The growth of bike share programs is gaining momentum in the US.
But this growth is absolutely dwarfed by the explosion of bike share programs in China over the last couple of years.
The country now has more than 400,000 bike share bikes in operation across dozens of cities with programs, with the vast majority installed since 2012. To put this in perspective, there are an estimated 822,00 bikes in operation around the world — so China has more bikes than all other countries combined. The individual country with the next-highest number of bikes, France, has just 45,000.
Here are the 15 countries with more than 3,000 bikes in operation, with data coming from the Bike-sharing World Map, a database maintained by Russell Meddin and Paul DeMaio.
Early on, most bike share programs were in Europe. The French town of Rennes pioneered the first computerized system in 1998, and as late as 2008, only a single system existed outside of Europe (Washington DC's). For years, Paris had the largest system.
But over the last couple of years, China has lapped the field several times over. As its private bicycle fleet has declined — largely because more and more people can afford cars — officials have implemented bike share programs to give residents a transportation option that cuts down on traffic.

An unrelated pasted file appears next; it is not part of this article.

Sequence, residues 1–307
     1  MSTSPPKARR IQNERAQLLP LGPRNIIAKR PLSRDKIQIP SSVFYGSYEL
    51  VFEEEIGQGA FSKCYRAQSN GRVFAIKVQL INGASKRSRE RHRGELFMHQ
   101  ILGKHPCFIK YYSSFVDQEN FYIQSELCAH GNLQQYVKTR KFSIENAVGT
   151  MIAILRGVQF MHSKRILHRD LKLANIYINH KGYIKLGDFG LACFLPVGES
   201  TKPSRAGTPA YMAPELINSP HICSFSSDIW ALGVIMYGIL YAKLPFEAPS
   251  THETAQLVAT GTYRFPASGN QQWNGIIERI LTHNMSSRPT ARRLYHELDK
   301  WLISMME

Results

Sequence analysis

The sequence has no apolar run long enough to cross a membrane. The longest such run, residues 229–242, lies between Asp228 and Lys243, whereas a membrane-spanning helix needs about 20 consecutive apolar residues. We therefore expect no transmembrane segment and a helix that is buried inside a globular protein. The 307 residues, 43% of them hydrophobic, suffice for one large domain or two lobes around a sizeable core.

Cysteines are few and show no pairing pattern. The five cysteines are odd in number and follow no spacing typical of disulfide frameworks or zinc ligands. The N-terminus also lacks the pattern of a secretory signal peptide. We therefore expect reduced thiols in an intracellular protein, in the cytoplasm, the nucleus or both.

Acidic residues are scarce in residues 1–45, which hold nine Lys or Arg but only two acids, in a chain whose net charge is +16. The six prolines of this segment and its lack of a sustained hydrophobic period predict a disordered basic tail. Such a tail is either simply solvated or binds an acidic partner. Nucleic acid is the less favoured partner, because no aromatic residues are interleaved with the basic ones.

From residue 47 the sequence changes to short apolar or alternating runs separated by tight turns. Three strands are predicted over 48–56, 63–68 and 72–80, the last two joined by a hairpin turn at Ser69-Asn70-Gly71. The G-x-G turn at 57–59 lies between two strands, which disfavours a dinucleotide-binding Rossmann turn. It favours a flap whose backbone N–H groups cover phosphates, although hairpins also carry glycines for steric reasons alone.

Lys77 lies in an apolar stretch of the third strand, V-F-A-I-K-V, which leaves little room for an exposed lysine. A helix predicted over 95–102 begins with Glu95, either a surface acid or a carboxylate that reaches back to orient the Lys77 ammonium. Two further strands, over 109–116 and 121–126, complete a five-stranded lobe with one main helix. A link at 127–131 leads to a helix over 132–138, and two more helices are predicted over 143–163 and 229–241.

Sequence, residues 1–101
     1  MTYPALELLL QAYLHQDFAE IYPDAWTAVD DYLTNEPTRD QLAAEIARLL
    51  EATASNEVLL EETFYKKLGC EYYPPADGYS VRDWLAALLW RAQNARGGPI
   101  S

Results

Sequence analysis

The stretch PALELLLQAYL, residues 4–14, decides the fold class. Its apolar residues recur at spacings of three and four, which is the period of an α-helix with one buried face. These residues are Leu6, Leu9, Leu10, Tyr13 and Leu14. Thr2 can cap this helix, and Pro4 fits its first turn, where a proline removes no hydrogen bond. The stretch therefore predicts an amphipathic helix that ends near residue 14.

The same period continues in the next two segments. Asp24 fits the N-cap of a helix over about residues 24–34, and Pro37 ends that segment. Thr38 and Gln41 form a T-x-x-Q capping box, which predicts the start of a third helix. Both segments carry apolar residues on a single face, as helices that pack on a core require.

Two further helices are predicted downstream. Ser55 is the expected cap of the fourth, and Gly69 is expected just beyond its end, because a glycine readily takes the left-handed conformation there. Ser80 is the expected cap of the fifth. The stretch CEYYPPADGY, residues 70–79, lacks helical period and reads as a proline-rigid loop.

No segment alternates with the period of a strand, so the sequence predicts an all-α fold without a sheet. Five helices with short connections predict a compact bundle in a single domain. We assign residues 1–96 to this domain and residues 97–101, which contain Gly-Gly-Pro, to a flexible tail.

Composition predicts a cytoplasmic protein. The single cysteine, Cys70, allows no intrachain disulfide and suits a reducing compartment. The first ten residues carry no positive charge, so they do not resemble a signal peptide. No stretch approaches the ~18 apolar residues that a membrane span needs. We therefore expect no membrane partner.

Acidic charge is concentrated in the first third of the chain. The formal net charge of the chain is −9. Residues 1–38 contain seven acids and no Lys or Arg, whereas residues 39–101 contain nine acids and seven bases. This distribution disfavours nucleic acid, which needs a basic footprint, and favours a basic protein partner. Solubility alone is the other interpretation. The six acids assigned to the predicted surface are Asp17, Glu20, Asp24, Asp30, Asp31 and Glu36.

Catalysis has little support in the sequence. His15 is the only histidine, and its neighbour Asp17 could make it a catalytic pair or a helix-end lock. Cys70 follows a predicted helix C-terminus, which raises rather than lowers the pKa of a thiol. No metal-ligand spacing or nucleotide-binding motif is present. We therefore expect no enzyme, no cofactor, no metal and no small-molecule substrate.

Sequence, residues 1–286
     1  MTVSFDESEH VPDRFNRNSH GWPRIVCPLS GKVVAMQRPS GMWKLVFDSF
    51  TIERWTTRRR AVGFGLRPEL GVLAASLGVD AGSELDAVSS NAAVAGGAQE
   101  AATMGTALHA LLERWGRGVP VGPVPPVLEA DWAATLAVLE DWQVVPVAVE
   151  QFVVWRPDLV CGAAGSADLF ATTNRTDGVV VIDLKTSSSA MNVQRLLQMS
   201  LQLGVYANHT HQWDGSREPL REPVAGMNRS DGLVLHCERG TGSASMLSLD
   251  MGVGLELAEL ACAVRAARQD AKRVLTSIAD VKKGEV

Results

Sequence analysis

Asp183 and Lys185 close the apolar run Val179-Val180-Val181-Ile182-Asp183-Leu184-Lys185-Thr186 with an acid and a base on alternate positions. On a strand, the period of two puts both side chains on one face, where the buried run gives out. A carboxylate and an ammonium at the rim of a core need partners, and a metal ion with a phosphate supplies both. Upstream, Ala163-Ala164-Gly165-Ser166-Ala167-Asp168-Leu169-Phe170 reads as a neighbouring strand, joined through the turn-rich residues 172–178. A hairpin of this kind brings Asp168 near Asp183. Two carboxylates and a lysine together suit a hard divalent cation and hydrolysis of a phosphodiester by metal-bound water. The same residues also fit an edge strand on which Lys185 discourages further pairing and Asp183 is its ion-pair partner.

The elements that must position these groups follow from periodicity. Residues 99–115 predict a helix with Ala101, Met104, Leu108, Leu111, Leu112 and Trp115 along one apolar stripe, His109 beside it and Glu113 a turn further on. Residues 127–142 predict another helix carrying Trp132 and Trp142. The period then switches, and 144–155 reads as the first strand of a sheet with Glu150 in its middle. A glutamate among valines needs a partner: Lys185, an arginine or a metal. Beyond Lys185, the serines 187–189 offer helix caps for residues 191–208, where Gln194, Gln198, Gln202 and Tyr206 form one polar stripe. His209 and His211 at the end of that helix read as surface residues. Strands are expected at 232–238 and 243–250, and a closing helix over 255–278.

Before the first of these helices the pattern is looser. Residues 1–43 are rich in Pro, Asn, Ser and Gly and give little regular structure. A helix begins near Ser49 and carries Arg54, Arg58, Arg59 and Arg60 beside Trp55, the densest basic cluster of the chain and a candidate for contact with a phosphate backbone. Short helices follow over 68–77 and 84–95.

Nowadays, dozens of Chinese cities have truly enormous programs, bigger than most other countries' systems. All told, China has eight cities with more bike share bikes than the entire United States does.
Here's a chart of the 30 cities worldwide that have more than 5,000 bikes in their systems (note: for cities with multiple programs, the number reflects the total number of bikes across all of them). Of these 30 top cities, 24 are in China.
It's not a huge mystery why China would want to invest so heavily in bike share: it has the world's largest population, is rapidly urbanizing, and is trying to cut down on traffic and pollution. What's impressive is how quickly the country has implemented enormous programs in so many different cities.
But if you're a fan of bike share, what is a little disheartening is how many other places that are going through the same challenges of urbanization haven't even gotten started with the programs. Both India and the entire continent of Africa have only conducted a handful of pilot studies, with zero active systems in place.